Mortgage Arrears Resolution Targets. There has been an increase of 3,855
permanent mortgage restructures in October to bring the total to 49,032, total
mortgage accounts in arrears of greater than 90 days past due has fallen by 302
accounts this month and the number of temporary restructures continues to fall,
indicating a greater utilisation of permanent restructures.
Total PDH (Principle Dwelling Houses) mortgage accounts in arrears greater than
90 days fell in each of the last two months. Total restructures are picking up
and in particular long term solutions (16%) are increasing versus temporary
options (8%). The most common form of permanent restructure opted for is term
extension, followed by arrears capitalisation and interest modification, while
54% of temporary restructures are through interest only payments. In the BTL
segment of the market, the number of accounts in arrears greater than 90 days,
which accounts for c. 25% of total mortgages in arrears, continues to increase
modestly, by 129 accounts to 26,489, although early stage arrears has fallen
slightly. Similar options are being utilised for BTL as PDH accounts.
While we acknowledge the data is focussed on volumes rather than value, we note
the stabilisation in the arrears figures, which tallies with recent commentary
from AIB and BOI indicating a slowdown in the pace of arrears. In fact, BOI
recently highlighted that its own arrears figures declined in October."
Banks: IBRC sale process going well, provides refinancing opportunity for
domestic banks; Eamonn Hughes and Colm Foley ad - - "The Department of Finance yesterday indicated that binding bids on the €2.5bn
Evergreen portfolio, part of the IBRC liquidation, have been received for 84% of
the portfolio (by par value) at prices in excess of the independent valuations.
IBRC is being wound down and the €22bn par value of the loan book is for sale,
though provisions against this loan book number about €10bn. There is a large UK
commercial property portfolio, an Irish and European commercial property
portfolio and an Irish residential mortgage portfolio for sale in addition to
the Evergreen (Irish corporate loans) portfolio. Loans not sold to third parties
will be taken over by NAMA at the independent valuations.
From the State’s perspective, the more loans sold to third parties the less
loans that will transfer into NAMA. The Minister last night commented that
further calls on the Exchequer over those already budgeted are not expected as a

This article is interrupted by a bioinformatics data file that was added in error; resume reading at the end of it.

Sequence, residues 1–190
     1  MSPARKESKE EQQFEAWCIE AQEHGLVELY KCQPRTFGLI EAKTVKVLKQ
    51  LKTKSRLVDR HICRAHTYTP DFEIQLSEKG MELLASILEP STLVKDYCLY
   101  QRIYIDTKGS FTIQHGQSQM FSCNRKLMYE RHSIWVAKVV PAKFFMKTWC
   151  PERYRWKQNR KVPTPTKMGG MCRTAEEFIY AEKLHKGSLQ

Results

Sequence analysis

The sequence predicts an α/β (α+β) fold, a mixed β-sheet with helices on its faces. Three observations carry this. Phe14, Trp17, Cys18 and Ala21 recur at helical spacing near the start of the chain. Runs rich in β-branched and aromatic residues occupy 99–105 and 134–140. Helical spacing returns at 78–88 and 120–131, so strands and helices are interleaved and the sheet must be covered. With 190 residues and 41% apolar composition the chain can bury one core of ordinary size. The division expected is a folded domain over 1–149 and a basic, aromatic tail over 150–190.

result of this process. For the banks, the more loans sold will imply less of a
potential impact on their NAMA subordinated bonds (where AIB marks at 10c in the
euro and BOI at 44c). In addition, and more importantly in the short term, the
IBRC loan sale process is likely to provide refinancing opportunities for the
main domestic banks for loans currently funded by banks withdrawing from
In New York Thursday the Dow
fell 104 points or 0.66% to 15,739.
The S&P 500 slid 0.38% and
the Nasdaq slipped 0.14%.
US benchmark updates
The MSCI Asia Pacific
Index dropped 0.3% on Friday.
Japan's Nikkei 225 rose
0.40%; China's Shanghai Composite slid 0.31%; South Korea's KOSPI declined
0.26%; Australia's S&P/ASX 200 lost 0.71% and in Mumbai, the Bombay Stock
Exchange the S&P BSE India Sensex Index dipped 1.00%.
Dow Jones Stoxx Europe 600 is up 0.07% in
early afternoon trade Friday.
the ISEQ is down 0.11%
FBD is up
Irish Share Prices
AIB Daily Report
Bank of Ireland Daily Report
The euro is
trading at $1.3719 and at £0.8425.
For live currency updates, check the
right-hand column of the
Finfacts home page.
The US dollar
fell to $1.6038 per euro on Tuesday, July 15, 2008 - an-all time record.
Baltic Dry Index,
a measure of shipping costs for dry commodities,
hit an all-time High of 11,771 on the 21st of May, 2008.
From that time it reversed and on the 5th of December, 2008 it hit a low of 663
- - close to a 1986 low.
On Thursday, July 15, 2010, the index fell
for the 35th straight session, by 9 points, or 3.11%, to 1,619 points,
the BDI rose 38 points or 1.65% to 2,337.
Global rebalancing — the
tanker scrapyard index?
Crude oil for January 2014 delivery is
trading on the
Chicago York Mercantile Exchange (CME/Nymex)
at $98.36 down 15 cents from Tuesday's close. In London, Brent for January 2014
delivery is trading on the
International Commodities Exchange at
$108.89. The North
Sea benchmark accounts for two-thirds of the global market.
Finfacts, July, 15, 2013: US
West Texas Intermediate oil benchmark jumps in July
- - margin between WTI and Brent falls.
price of an oz of gold is trading on the
CME in Chicago at $1,224.40 down $1.60 from Thursday's closing.
Gold had hit
a record high of $1,921.15 a troy ounce on Sept 06, 2011.